Usually those who are in the process of going through a program are assigned a sponsor or mentor. Often, these are more experienced people who have gone through the process themselves and can make themselves available around the clock. Addictive cravings don’t always happen at opportune times and it can be very reassuring knowing that whenever you find yourself in need of support, you can ask your mentor anytime.
Once again, being immersed in a community of people who are your peers based on shared struggles with addiction is a valuable benefit you might not get from treatment such as outpatient counseling.
That said, in some cases 12-step programs are not the only method of treatment a person needs. It is best to discuss treatment alternatives with a substance abuse professional to determine the best way to be treated for your addiction. Sometimes a 12-step program isn’t sufficient in dealing with a very difficult case of dependency, but can be a great support system in tandem with other forms of rehabilitation.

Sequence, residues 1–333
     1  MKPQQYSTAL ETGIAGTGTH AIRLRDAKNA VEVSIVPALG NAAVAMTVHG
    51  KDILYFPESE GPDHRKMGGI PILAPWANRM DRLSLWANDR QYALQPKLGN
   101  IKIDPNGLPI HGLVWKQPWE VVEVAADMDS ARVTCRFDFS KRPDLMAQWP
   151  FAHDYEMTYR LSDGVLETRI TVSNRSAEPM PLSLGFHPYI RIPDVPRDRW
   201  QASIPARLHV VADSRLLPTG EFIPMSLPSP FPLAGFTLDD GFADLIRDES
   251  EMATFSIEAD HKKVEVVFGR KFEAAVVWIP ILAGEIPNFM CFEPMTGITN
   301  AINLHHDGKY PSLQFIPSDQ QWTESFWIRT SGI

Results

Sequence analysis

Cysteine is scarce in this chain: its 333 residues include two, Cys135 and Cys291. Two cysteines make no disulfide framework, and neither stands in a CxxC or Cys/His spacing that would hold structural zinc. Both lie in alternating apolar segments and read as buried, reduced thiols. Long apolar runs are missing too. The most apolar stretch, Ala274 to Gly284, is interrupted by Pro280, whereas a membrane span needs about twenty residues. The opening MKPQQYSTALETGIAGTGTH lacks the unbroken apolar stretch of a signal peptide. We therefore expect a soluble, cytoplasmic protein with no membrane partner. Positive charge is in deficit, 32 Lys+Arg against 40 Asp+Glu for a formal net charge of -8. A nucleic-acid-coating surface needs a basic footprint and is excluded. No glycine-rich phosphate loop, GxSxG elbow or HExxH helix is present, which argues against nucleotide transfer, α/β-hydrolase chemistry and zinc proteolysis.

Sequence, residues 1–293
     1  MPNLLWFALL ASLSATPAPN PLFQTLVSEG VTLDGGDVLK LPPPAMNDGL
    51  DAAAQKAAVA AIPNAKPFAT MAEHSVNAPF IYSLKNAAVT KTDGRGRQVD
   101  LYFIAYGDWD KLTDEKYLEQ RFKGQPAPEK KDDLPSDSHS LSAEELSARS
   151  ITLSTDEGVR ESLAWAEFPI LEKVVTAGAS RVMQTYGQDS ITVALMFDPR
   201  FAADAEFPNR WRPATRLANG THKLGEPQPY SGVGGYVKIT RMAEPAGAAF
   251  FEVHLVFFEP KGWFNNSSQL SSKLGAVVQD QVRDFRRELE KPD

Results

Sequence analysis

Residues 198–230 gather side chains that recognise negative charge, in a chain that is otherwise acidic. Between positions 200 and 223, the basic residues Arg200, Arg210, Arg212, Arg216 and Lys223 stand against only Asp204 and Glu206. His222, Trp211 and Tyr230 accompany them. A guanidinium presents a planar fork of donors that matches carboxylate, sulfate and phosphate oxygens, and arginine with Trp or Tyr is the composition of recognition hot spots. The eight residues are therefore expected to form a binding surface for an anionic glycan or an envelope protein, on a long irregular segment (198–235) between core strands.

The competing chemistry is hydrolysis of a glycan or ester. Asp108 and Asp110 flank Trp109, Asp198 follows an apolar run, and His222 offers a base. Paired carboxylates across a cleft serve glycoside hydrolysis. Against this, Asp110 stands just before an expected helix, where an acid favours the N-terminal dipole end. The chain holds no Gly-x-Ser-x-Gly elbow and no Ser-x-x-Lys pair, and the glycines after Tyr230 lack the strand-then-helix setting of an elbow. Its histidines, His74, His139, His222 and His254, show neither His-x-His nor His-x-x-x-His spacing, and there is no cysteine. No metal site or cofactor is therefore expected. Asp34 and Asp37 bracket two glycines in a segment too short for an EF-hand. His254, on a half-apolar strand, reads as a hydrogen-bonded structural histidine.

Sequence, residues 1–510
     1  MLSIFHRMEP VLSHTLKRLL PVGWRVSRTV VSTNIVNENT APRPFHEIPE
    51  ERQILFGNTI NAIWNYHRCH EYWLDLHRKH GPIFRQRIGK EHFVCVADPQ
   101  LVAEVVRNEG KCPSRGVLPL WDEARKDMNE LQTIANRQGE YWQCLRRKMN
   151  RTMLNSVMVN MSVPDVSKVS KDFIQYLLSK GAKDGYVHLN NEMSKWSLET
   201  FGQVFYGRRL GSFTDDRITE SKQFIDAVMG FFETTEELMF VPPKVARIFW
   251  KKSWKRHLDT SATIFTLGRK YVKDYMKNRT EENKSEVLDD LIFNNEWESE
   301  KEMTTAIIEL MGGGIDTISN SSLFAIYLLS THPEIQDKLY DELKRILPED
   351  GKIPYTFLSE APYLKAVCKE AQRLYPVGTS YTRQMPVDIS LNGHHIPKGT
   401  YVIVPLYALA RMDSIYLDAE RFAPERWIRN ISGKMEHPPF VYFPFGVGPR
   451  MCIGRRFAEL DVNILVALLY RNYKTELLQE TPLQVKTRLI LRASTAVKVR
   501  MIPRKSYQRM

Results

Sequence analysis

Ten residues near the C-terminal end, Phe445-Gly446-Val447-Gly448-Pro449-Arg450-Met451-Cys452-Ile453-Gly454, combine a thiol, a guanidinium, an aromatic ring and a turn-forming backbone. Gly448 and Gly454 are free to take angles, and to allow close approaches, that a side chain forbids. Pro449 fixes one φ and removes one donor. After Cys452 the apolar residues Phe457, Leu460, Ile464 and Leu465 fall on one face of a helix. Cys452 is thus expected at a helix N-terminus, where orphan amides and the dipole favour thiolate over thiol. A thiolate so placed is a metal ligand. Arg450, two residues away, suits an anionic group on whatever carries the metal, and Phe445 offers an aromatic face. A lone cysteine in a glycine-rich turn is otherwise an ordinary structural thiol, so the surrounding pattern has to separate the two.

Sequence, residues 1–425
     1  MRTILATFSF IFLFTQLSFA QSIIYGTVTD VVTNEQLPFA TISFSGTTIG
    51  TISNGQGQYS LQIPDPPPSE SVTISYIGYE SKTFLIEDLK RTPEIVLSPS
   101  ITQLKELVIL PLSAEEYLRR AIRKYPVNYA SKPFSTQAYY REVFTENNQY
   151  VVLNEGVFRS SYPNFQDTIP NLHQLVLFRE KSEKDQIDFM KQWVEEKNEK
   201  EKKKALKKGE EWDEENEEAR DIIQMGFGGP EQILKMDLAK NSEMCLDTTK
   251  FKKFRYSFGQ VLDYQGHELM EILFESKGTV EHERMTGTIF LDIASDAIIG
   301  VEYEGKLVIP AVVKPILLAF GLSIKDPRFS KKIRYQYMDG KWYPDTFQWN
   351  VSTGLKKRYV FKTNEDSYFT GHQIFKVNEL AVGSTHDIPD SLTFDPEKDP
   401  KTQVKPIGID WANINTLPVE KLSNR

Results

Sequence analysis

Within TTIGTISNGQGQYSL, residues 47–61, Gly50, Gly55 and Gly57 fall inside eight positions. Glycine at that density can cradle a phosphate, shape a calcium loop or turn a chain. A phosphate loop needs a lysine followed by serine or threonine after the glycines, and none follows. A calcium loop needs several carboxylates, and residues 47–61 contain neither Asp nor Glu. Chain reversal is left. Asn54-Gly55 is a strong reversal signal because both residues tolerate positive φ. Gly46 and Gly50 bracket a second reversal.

12-step programs often have associated groups that are available for family and friends of those struggling with addiction. Al-Anon is such a group. Their meetings are often a safe haven for those who find themselves not knowing how to deal with being in a relationship with someone addicted to drugs or alcohol. Meetings are often scheduled at the same time as AA meetings.
Is A 12-Step Program Right For Me?
AA and other 12-Step programs have benefited thousands, if not millions of people. Since then, other groups have been established that follow similar methods with similar success rates. Secular-based groups, groups for those with addictions to other things such as overeating and shopping, teen groups, and many other types of step-based support groups exist today. Even within an organization such as AA, there can be meetings available that operate in some unique way that might be suited to your needs. Contact RehabCenter.net so we can help you determine if a step-based program can benefit your efforts at recovery from addiction.